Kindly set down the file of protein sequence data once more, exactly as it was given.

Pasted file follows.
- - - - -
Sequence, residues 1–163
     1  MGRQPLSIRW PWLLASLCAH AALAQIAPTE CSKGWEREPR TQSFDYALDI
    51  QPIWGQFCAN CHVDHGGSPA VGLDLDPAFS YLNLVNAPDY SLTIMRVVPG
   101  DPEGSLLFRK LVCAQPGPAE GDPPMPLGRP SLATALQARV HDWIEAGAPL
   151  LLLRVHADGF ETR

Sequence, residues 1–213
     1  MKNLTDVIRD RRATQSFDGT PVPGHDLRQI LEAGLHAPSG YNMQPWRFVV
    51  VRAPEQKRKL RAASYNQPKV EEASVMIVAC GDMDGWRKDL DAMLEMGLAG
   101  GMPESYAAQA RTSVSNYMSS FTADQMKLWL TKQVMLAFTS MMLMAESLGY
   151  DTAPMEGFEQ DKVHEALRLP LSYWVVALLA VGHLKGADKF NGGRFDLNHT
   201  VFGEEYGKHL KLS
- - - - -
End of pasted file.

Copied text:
Sequence, residues 1–163
     1  MGRQPLSIRW PWLLASLCAH AALAQIAPTE CSKGWEREPR TQSFDYALDI
    51  QPIWGQFCAN CHVDHGGSPA VGLDLDPAFS YLNLVNAPDY SLTIMRVVPG
   101  DPEGSLLFRK LVCAQPGPAE GDPPMPLGRP SLATALQARV HDWIEAGAPL
   151  LLLRVHADGF ETR

Sequence, residues 1–213
     1  MKNLTDVIRD RRATQSFDGT PVPGHDLRQI LEAGLHAPSG YNMQPWRFVV
    51  VRAPEQKRKL RAASYNQPKV EEASVMIVAC GDMDGWRKDL DAMLEMGLAG
   101  GMPESYAAQA RTSVSNYMSS FTADQMKLWL TKQVMLAFTS MMLMAESLGY
   151  DTAPMEGFEQ DKVHEALRLP LSYWVVALLA VGHLKGADKF NGGRFDLNHT
   201  VFGEEYGKHL KLS